development that is lacking in throwing overarm athletes. Overarm
    athletes have imbalanced shoulders caused by hyper anterior development
    and weak posterior development.

    >From Gordon J. Alderink, PT, PhD:
    Associate Professor
    College of Health Professions
    Program in Physical Therapy
    Grand Valley State University

    Of course, we can speculate "till the cows come home"'s possible
    there are fewer shoulder injuries in tennis because they are generating
    torques with an instrument that has a sizable mechanical advantage.

    >From Glenn S. Fleisig, Ph.D., Smith & Nephew Chair of Research American
    Sports Medicine Institute:

    I am out of the office on vacation, so I am doing this from memory. My
    colleagues and I have compared the biomechanics of the tennis serve to
    the baseball pitch. Here are the citations:

    Elliott B, Fleisig, R, Nicholls R, Escamilla R. Technique effects on
    upper limb loading in the tennis serve. Journal of Science and Medicine
    in Sports 6(1):76-87, 2003

    Fleisig GS, Nicholls RL, Elliott BC, Escamilla RF. Kinematics used by
    world class tennis players to produce high-velocity serves. Sports
    Biomechanics 2(1):17-30, 2003

    As I recall, the tennis serve has greater ball velocity, but less
    shoulder rotational velocity and torque. I believe that the less
    velocity was due to the substantial extra inertia in the distal segment
    of the kinetic chain. In other words, the tennis racquet is, in a
    sense, an extension of the hand. The tennis player has far more inertia
    than the baseball player does in resisting wrist flexion, but the
    increased distance of the segment produces greater linear velocity (of
    the tennis racquet head, compared to the pitcher's finger tips).

    That's the best I can do for now. Happy Holidays,

    - Glenn

    >From Michael Feltner:

    don't know that we have a complete answer to this question based on the
    literature and research. My hunch is that baseball is unique in that
    the pitcher must decelerate his/her arm after release and bring its
    velocity to zero using his/her own musculature, ligaments, etc. In
    volleyball, tennis, or other "overarm" striking sports, the impact from
    the arm/racquet contact with the ball provides a force that slows the
    rotation and velocity of the arm and prevents the muscles/tissues of the
    performer from providing all of the forces necessary to stop the arm's
    movement. While injuries will always be multifactorial in nature, the
    combination of the rapid rates of elbow extension and shoulder internal
    rotation coupled with the need to stop these movements after release
    primarily by eccentric actions of the elbow flexors and external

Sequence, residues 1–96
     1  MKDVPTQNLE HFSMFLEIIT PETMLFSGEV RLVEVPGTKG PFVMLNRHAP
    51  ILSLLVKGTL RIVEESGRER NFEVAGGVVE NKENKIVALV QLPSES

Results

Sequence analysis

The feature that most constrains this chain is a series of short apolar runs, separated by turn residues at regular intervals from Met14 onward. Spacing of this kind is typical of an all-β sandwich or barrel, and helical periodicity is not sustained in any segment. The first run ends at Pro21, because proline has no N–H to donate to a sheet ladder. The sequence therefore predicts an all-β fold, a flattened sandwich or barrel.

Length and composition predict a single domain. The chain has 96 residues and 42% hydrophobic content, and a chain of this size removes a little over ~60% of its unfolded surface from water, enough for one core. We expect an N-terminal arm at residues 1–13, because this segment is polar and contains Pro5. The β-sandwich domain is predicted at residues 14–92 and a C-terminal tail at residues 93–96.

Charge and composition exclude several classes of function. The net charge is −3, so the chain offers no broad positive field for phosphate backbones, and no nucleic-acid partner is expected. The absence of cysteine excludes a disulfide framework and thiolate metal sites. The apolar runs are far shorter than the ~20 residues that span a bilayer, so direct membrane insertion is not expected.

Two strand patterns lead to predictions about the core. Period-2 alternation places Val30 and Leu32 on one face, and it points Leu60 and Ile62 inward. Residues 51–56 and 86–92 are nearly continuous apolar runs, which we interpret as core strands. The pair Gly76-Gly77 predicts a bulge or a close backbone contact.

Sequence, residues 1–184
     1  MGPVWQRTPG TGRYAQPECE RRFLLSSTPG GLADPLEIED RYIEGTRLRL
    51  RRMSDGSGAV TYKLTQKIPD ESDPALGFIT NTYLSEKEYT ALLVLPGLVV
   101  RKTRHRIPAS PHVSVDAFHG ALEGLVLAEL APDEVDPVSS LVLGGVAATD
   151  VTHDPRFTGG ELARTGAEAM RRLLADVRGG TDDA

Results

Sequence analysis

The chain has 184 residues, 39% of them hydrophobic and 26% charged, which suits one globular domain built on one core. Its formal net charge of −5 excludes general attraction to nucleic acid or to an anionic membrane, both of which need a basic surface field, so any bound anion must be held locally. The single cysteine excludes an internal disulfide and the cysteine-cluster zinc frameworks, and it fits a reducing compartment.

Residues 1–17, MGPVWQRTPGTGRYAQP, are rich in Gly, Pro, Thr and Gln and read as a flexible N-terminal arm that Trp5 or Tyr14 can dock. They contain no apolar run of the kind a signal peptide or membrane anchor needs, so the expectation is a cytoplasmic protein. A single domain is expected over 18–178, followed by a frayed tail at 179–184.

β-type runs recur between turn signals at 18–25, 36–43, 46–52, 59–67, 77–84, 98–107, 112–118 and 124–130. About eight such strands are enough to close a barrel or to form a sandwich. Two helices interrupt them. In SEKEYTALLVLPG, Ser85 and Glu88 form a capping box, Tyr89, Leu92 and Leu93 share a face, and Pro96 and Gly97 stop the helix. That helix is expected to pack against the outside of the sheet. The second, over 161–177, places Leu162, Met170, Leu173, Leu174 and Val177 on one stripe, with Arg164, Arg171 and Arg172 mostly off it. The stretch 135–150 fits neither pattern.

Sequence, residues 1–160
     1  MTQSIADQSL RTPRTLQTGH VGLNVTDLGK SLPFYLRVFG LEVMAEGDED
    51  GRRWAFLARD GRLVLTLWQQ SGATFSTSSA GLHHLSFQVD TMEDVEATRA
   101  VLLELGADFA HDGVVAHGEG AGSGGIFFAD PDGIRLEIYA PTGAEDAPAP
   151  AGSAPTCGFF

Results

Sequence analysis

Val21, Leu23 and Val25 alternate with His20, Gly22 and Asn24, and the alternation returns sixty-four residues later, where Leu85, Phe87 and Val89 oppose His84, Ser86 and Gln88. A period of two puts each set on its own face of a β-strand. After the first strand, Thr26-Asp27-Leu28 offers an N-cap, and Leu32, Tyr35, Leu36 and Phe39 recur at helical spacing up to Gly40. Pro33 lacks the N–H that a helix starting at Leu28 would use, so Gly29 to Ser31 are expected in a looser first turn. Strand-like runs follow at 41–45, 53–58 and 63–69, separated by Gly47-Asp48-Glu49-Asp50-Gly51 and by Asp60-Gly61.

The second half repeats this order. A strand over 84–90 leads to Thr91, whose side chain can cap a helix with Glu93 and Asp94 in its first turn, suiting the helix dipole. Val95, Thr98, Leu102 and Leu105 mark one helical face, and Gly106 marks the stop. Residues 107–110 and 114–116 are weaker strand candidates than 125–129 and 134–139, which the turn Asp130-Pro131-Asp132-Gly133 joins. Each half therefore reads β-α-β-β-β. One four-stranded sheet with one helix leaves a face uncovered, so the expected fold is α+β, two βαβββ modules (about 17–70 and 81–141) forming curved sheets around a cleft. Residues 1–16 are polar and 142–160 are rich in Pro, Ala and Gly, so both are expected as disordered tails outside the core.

rotation muscles at the shoulder, respectively, likely increases the
    injury risk in baseball compared to other sports with a similar movement

    Just my $0.02

    >From Adam J. Bartsch, M.S.
    Cleveland Clinic Spine Research Laboratory:

    One would suppose the much larger weight of the baseball (145g vs. 55g)
    and ball rotation induced by the hand-elbow-shoulder as opposed to
    racquet angle would create more torsional and shearing stress on the
    shoulder and elbow joints to the baseball pitcher.

    One would also question the statement "...even though they all have the
    same kinematic sequence (serving and pitching are virtually the
    same)..." as being valid? It seems as though this might be an overly
    broad statement to apply to two very complicated kinematic operations.


    >From Michael Yessis, Ph.D
    Professor Emeritus, CSUF
    President, Sports Training, Inc.:

    I believe a comparison between the baseball pitch and tennis serve is
    not 100% possible. The same kinetic change is involved for the basic
    body movements, with differences in speed and amount of joint action,
    etc., but the arm actions can be very different.

    For example, in the tennis serve, the arm is extended overhead and is
    fully straightened when contact is made. In baseball pitching, we do
    not see the same position. The ball is usually released with a bent
    elbow or with an extended arm more to the side of the body rather than

    The tennis serve is more limited in regard to wrist and forearm actions,
    usually flexion and pronation, while in the baseball pitch, we see these
    two actions in the fastball. But when throwing other kinds of pitches,
    there may be ulna flexion or variance of wrist flexion (and in some
    pitchers, supination).

    Thus, to determine which actions cause shoulder injury, it is necessary
    to study more closely the exact position and wrist and forearm actions
    that occur. For example, I have found that most shoulder injuries in
    the tennis serve occur when contact is made with a bent elbow. While
    in the baseball pitch, most shoulder/elbow injuries seem to occur when
    slinging the ball more out to the side rather than overhead.

    ===============end of summary======================